Frequentist Belief Update Under Ambiguous Evidence in Social Networks
EPOC Working Paper No. 13 - 2024
25 Pages Posted: 3 Feb 2024 Last revised: 9 Feb 2024
Date Written: February 1, 2024
In this paper, we study a frequentist approach to belief updating in the framework of Dempster-Shafer Theory (DST). We propose several mechanisms that allow the gathering of possibly ambiguous pieces of evidence over time to obtain a belief mass assignment. We then use our approach to study the impact of ambiguous evidence on the belief distribution of agents in social networks. We illustrate our approach by taking three representative situations. In the first one, we suppose that there is an unknown state of nature, and agents form belief on the set of possible states. Nature constantly sends a signal which reflects the true state with some probability but which can also be ambiguous. In the second situation, there is no ground truth, and agents are against or in favor of some ethical or societal issues. In the third situation, there is no ground state either, but agents have opinions on left, center, and right political parties. We show that our approach can model various phenomena often observed in social networks, like polarization, echo chambers, and bounded confidence effects.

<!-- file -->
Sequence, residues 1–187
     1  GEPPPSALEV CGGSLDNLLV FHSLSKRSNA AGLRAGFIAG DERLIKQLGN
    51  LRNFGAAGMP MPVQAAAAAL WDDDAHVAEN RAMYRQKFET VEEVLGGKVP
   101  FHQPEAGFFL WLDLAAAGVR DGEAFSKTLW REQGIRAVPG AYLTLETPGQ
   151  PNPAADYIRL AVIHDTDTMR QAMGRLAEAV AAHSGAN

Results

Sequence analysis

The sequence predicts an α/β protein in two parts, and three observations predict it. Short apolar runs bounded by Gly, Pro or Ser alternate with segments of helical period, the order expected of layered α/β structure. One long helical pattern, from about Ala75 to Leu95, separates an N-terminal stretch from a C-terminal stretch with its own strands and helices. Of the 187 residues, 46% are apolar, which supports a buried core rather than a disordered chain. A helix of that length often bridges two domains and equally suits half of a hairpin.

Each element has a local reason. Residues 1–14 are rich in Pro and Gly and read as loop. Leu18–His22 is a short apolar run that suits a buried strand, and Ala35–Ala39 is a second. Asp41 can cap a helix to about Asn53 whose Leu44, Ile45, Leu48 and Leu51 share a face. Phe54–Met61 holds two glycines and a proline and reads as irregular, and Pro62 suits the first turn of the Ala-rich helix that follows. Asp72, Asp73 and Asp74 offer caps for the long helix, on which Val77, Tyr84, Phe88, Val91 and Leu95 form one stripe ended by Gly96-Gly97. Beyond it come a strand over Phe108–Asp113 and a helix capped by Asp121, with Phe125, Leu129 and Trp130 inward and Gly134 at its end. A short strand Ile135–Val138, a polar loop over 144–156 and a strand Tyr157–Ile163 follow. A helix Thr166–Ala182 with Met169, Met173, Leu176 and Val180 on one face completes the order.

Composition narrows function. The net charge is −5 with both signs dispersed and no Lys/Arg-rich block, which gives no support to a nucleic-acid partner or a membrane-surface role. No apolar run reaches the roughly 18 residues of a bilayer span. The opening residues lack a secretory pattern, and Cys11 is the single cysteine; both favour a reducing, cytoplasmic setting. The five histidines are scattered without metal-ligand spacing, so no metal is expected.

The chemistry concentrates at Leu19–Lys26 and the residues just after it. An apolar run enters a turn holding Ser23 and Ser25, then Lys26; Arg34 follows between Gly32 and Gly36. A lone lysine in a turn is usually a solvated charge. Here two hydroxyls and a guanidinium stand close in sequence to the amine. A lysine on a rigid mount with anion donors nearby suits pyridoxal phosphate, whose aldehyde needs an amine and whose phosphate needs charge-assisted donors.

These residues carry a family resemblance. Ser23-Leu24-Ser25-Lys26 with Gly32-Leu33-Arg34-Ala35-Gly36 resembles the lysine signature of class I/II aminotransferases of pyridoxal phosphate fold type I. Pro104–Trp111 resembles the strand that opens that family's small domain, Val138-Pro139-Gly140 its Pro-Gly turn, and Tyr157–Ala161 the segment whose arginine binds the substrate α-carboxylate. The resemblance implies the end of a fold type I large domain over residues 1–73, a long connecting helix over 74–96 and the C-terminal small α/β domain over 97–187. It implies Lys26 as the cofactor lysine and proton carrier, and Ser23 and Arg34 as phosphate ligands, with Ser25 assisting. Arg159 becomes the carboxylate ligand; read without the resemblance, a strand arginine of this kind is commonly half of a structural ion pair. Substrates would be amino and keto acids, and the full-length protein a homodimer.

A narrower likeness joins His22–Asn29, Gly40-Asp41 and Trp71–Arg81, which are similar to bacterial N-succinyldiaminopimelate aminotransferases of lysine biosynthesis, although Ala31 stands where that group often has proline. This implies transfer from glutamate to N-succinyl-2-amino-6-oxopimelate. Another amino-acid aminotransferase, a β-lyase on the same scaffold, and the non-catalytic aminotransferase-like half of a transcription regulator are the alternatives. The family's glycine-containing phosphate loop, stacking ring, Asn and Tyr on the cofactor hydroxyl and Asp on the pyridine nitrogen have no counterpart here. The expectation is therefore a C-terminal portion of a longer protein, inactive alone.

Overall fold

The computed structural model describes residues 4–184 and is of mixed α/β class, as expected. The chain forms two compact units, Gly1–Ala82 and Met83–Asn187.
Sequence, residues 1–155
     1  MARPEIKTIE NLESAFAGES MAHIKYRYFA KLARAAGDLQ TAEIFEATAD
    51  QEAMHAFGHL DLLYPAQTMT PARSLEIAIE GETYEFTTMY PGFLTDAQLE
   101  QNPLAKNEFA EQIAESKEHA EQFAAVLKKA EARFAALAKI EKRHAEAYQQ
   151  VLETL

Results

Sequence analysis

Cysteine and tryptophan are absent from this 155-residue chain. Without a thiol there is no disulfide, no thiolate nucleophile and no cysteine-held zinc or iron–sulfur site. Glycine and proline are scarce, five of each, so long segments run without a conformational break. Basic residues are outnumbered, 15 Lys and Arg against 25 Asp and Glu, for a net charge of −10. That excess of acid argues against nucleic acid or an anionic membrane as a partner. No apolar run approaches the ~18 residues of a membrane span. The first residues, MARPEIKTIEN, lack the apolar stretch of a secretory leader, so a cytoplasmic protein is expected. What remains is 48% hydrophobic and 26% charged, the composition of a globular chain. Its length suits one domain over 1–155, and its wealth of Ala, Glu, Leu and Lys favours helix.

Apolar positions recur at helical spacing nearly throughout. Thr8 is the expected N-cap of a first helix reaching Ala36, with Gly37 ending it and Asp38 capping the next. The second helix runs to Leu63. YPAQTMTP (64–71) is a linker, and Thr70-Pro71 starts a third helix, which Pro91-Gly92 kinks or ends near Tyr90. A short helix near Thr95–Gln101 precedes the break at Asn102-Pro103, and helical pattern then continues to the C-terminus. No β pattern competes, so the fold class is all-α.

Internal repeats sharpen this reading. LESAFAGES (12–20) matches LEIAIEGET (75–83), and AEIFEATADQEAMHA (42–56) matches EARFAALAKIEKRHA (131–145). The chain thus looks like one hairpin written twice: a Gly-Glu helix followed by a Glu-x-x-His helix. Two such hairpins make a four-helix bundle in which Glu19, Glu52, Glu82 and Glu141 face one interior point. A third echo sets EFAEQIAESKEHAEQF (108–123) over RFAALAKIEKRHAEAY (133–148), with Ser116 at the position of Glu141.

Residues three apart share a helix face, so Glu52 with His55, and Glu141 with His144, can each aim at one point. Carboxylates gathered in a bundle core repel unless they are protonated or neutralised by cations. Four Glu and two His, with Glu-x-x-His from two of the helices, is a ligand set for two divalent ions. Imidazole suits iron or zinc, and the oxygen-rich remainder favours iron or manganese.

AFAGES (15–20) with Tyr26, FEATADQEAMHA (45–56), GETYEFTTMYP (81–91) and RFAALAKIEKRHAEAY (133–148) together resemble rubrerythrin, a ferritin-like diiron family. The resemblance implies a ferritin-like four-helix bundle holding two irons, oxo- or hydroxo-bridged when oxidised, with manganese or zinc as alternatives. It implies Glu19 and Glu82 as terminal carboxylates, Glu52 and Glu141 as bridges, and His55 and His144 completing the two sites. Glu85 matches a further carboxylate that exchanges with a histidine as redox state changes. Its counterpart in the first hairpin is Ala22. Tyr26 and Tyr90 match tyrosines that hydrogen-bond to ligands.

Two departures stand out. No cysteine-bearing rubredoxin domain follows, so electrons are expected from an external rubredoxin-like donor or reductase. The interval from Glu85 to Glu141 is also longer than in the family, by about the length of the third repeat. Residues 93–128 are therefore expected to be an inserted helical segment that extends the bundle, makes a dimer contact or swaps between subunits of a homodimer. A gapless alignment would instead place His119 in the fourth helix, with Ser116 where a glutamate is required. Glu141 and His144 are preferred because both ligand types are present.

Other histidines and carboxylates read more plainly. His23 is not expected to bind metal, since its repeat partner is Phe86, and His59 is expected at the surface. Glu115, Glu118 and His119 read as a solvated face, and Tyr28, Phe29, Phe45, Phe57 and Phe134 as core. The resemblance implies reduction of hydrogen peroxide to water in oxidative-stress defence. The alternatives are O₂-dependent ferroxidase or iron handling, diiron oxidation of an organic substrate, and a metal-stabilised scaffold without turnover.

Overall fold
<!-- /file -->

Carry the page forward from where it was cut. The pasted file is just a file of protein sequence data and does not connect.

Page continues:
Keywords: Dempster-Shafer theory, agent-based modeling, social networks, ambiguous evidence, subjective belief update, opinion dynamics
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